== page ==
I do consider this market timing... but if a big risk to porfolio is a
down year or two early in retirement, I would hedge against this risk
with cash. 4 years into this system, the inflation indexed securities
should help portfolio do quite well generating the income needed.
Takes more cash up front, though (than traditional withdrawal models).
 
J

joetaxpayer

FranksPlace2 said:
The main reason I hold bonds in my portfolio (about 25%) is to provide
a buffer against low stock prices. My strategy is to withdraw from the
bonds only part of the portfolio and rebalance when the market is up
(like now). At a 5% withdrawal rate, my bonds would last 5 years which
is long compared to stock market declines.

Are there any references or tools that address this "bonds first out"
withdrawal strategy?
The way the studies are worded you are offered a 90% success rate of not
outliving your money at the suggested 4% withdrawal rate.
You need to keep in mind a few things. The Monte Carlo simulations that
generated these numbers are based on the past 70 or so years which I
believed averaged 10.5% for the simulation. Given the 10.5% average,
along with its standard deviation (somewhere around 18%) the 4% number
includes a 3% inflation factor, i.e. it includes raising the withdrawal
by about 3% per year from the initial amount.
Consider that if you could invest at 7% fixed, in perpetuity, you'd be
able to take the 4% and leave the 3% to grow your principal (yes, I've
ignored taxes for sake of simplicity). So the reason that the Monte
Carlo gives you this based on 10.5% average is the volatility. You don't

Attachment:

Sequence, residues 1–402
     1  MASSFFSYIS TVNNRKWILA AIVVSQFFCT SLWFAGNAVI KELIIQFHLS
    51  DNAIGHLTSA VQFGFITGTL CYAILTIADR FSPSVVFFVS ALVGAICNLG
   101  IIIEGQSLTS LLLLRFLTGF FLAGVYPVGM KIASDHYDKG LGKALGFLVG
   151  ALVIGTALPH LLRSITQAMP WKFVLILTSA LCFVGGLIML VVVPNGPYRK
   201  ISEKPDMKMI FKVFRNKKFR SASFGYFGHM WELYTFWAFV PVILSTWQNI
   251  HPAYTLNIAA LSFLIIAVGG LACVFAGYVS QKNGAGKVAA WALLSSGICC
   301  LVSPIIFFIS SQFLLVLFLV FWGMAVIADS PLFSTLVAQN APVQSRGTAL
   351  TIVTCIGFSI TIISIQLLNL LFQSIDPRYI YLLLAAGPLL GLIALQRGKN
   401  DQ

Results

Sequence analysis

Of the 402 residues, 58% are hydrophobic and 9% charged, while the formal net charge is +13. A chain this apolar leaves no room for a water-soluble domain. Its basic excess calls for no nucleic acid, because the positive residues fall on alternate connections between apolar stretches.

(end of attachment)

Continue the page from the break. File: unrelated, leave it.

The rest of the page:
know which year will be up or down. Given all of this, there has been
discussion here suggesting that the next 30 years are likely to under
perform the historical numbers. That 7-8% is the more likely growth rate
to expect.
Next, commentary along with these studies suggests different tweaks or
adjustment rules to help bump the percentage up. One rule is that you
don't take the inflation bump after a down year. Since on average 1 in 3
years or so are down, you may object, that you will trail long term
inflation by 1/3. I understand. Back to your original question, though.
The studies do assume the withdrawals are based on the same mix within
the portfolio, that at the end of each year you are rebalanced to the
original plan. This matches just what you plan. If the market is up,
then to rebalance you would need to sell stock. If the market has
dropped, well, then the bond portion is too high and you'd buy stocks
when down. To call this 'timing' is a matter of semantics. Rebalancing
causes one to buy stocks when low and sell when high.